You should only fly with nationally recognised airlines, as there have been incidents and accidents involving poorly maintained or substandard light aircraft.

Although not exhaustive, a selection of registered and audited airlines, which meet certain standards of operational safety and recommended practices, have been published by the International Air Transport Association. See:

Be sure to allocate ample time to reach the airport for your flight as traffic in the main cities can be very busy, especially in rush hour.

[Source – FCO: Foreign travel advice Brazil]

Sea and river travel

When travelling on the sea or by river, you should familiarise yourself with safety procedures and where to locate a life jacket in the event of any emergency. There have been a number of boating accidents on the Amazon River.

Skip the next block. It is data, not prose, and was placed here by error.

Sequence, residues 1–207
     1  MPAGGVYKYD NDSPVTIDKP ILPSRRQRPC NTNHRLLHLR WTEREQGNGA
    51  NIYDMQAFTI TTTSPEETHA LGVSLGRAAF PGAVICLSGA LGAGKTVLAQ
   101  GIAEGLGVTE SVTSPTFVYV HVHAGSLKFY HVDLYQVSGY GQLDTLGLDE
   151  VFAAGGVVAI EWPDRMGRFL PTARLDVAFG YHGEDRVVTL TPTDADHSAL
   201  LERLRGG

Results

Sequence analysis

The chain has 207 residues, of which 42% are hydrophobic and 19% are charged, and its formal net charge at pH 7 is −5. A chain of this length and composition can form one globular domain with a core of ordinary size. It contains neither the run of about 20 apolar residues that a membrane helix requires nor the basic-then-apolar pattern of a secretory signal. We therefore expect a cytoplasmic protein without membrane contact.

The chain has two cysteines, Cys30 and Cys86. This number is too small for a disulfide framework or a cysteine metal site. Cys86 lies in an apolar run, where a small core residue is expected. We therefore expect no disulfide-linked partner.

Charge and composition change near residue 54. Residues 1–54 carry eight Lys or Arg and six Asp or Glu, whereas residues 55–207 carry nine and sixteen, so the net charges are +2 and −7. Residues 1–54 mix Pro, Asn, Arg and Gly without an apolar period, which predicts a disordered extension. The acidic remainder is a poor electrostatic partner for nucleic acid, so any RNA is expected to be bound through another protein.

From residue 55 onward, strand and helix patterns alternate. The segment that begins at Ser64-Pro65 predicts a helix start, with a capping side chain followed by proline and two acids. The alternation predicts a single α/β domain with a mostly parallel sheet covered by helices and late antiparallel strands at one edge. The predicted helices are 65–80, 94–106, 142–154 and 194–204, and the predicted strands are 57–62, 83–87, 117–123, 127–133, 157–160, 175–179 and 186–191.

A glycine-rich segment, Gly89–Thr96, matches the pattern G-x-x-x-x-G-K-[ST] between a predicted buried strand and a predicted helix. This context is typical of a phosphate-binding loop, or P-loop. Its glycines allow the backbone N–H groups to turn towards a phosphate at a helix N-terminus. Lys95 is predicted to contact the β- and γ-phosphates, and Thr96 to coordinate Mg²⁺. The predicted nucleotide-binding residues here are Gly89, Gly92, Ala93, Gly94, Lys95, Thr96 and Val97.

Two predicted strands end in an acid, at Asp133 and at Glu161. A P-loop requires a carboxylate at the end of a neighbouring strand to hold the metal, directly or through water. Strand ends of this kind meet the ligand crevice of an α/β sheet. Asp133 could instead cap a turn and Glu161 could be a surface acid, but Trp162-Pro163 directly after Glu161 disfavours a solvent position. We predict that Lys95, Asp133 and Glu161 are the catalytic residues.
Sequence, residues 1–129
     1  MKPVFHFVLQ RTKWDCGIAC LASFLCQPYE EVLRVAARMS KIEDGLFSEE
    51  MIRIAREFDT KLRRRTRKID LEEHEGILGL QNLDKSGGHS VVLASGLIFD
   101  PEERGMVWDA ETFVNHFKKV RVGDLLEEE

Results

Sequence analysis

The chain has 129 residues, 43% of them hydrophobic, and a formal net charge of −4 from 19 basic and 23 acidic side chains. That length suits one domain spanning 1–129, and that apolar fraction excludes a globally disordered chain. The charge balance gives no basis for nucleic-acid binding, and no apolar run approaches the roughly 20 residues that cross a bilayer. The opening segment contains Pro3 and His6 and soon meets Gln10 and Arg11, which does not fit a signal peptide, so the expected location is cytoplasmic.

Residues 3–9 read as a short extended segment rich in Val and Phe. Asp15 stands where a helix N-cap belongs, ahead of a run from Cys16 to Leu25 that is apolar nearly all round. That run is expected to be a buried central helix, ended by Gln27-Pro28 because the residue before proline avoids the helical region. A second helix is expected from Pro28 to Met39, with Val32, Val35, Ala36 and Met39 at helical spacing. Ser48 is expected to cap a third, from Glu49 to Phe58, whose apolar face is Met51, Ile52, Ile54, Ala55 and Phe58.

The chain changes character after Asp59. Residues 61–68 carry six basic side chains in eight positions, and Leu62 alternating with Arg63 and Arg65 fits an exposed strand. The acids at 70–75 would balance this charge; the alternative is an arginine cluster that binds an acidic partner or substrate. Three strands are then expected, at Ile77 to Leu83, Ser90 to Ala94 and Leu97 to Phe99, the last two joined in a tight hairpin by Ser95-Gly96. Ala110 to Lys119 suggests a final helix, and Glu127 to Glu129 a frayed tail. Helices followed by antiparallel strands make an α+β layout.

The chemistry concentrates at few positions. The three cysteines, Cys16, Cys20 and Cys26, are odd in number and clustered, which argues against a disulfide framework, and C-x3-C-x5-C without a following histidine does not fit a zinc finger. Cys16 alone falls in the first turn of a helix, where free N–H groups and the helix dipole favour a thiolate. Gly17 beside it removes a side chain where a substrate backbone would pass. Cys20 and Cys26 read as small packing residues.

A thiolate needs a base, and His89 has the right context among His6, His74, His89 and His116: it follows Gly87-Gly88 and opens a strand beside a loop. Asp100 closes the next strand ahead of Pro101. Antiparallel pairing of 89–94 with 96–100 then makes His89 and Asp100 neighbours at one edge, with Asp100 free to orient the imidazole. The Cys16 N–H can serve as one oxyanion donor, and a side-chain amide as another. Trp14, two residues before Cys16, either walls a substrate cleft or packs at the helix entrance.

Some routes in the Amazon and Solimões river basin are frequented by pirates and those who are drug trafficking, both of which are likely to be armed. You should speak to local authorities and seek reliable local advice to check your route is safe if you intend to travel by river. It may be worth considering accompaniment by an escort.

[Source – FCO: Foreign travel advice Brazil]



You should visit your GP or health provider a minimum of 4-6 weeks prior to travelling to Brazil. This is an opportunity to assess any health risks specific to you or the country itself and will allow time for any necessary vaccinations. Visit the Brazil-specific pages of the TravelHealthPro website at:, for more information.

You can also receive useful information, advice and guidance from the NHS via the FitForTravel website at:, or the NHS Choices website at: